The term “release agent” refers to any suitable substance that acts as a lubricant to render the aqueous ink composition more readily transferable from the ink pad to the substrate (e.g., lens) surface. Silicone rubber material is described, for example, in WO92/20005. Suitable release agents include, for example, silicone fluids. A preferred release agent is a silicone fluid available as SF1188™ from General Electric Co., Waterford, N.Y. The release agent may comprise from about 10% to 30%, preferably from about 12.5% to 27.5% and more preferably about 15% to 20% of the aqueous ink composition.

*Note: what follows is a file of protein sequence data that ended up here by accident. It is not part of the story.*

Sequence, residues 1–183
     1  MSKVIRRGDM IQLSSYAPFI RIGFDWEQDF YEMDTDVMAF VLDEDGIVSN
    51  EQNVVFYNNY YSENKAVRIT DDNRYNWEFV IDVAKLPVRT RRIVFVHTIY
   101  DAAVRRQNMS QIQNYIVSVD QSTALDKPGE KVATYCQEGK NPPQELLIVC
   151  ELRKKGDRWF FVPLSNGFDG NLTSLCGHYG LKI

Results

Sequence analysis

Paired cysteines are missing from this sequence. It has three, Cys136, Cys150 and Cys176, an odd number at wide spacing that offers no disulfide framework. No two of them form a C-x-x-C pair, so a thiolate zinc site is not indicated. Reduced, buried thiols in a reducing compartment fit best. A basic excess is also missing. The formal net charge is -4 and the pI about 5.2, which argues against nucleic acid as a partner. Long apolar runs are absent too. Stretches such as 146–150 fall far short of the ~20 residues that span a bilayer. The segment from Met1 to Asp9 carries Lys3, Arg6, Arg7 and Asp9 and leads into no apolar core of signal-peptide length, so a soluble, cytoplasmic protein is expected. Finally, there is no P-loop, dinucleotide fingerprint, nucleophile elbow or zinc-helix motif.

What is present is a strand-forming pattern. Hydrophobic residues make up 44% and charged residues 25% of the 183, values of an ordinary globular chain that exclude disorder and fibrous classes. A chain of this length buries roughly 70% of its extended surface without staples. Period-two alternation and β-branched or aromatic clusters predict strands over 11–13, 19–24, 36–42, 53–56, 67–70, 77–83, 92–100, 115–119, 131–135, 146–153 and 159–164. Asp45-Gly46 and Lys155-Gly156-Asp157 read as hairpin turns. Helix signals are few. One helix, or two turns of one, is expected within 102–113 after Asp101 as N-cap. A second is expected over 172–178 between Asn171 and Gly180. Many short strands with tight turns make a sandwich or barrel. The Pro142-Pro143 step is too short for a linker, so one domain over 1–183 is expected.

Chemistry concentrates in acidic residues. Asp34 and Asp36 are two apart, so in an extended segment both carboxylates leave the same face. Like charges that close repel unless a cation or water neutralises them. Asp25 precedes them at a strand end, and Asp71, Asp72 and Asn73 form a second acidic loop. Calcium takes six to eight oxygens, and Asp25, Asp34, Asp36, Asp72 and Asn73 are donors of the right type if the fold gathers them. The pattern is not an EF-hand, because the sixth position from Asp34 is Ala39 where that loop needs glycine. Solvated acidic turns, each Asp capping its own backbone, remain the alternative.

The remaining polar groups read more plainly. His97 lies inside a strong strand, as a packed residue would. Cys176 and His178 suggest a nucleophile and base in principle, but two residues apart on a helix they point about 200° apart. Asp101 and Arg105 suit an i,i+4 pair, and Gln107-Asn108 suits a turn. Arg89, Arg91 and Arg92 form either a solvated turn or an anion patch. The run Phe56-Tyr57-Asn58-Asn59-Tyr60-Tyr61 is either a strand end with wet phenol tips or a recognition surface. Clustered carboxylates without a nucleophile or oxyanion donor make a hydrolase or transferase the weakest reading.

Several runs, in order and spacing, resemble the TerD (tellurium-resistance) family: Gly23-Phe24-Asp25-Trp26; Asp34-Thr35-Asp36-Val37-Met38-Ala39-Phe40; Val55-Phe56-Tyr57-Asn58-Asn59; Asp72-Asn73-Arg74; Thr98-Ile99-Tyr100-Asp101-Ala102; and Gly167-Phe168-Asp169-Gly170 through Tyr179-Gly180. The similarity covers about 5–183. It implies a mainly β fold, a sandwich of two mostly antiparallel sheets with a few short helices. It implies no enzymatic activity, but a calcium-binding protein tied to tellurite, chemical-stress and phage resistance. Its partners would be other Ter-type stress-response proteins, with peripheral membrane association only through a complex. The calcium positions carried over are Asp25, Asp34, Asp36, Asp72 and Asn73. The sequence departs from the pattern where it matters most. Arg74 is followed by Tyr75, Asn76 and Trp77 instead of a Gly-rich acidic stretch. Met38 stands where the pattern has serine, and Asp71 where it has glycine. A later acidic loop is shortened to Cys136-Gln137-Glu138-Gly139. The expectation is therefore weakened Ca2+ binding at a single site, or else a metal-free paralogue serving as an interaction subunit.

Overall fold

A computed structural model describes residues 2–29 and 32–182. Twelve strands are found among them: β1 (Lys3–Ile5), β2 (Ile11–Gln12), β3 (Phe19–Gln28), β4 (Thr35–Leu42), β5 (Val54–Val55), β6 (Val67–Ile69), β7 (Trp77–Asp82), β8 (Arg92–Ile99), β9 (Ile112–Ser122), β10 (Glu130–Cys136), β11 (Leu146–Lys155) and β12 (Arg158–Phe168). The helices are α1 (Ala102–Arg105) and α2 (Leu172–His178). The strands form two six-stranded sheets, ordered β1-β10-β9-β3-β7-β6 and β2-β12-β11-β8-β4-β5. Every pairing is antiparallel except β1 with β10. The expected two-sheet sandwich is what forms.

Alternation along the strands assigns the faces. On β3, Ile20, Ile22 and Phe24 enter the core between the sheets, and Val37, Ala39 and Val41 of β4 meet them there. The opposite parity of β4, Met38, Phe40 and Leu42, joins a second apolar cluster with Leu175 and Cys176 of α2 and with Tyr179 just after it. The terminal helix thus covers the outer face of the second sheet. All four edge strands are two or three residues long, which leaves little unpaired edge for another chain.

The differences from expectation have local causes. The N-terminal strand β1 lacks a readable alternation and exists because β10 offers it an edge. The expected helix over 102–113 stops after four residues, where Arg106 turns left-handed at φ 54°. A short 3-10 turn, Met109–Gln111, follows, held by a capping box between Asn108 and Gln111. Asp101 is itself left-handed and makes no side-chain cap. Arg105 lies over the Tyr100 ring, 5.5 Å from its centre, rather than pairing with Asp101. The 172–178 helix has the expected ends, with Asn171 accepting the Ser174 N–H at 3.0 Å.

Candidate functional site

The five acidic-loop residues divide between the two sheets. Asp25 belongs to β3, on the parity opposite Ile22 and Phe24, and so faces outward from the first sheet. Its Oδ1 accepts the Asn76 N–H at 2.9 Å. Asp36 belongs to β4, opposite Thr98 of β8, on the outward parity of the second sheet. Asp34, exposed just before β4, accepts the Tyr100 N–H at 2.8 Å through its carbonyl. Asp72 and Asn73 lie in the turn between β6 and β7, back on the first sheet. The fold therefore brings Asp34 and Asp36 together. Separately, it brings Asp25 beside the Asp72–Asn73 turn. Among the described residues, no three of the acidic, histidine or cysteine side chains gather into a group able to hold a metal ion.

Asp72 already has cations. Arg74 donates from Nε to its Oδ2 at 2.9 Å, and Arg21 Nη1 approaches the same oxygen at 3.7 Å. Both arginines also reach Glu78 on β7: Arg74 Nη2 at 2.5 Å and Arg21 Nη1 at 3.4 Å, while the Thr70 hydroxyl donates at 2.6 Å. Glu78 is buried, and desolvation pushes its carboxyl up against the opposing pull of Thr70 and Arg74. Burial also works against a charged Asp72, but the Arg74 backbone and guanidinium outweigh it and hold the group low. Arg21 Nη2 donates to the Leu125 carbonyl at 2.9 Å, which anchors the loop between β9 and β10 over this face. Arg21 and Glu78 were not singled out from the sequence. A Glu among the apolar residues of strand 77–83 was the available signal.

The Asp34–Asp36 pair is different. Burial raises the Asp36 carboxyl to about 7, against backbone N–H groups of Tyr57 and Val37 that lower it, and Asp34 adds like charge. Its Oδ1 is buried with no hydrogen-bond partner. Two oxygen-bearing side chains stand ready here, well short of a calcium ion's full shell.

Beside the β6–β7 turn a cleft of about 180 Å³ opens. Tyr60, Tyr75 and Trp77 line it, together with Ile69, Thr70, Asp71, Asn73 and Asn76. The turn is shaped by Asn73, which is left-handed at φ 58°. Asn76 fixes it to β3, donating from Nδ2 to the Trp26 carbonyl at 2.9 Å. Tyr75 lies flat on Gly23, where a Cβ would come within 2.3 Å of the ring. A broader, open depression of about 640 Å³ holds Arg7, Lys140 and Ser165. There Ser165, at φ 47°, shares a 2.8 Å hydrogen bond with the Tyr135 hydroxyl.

The term “colorant” refers to suitable substances which impart color to another material or mixture. Colorants may be used as desired to render uniqueness to the mark, e.g., “color coding.” Colorants may comprise nonsoluble inorganic or soluble organic dyes. Exemplary colorants include, e.g., Erioglaucine (turquoise blue) and Tartrazine (yellow) both available from Aldrich Chemical Co., Milwaukee, Wis. When present, the colorant may comprise from about 0.25% to 7.5%, preferably from about 0.5% to 5%, and more preferably from about 0.5% to 2.5% of the ink composition.

An ink composition utilized in accordance with the present invention is preferably formulated to be employed for dispensing by ink jet printers for printing a marking/design onto the surface of an article, namely an ophthalmic article (e.g., a lens surface). For example, an ink composition is preferably at least of a viscosity compatible with ink jet printing.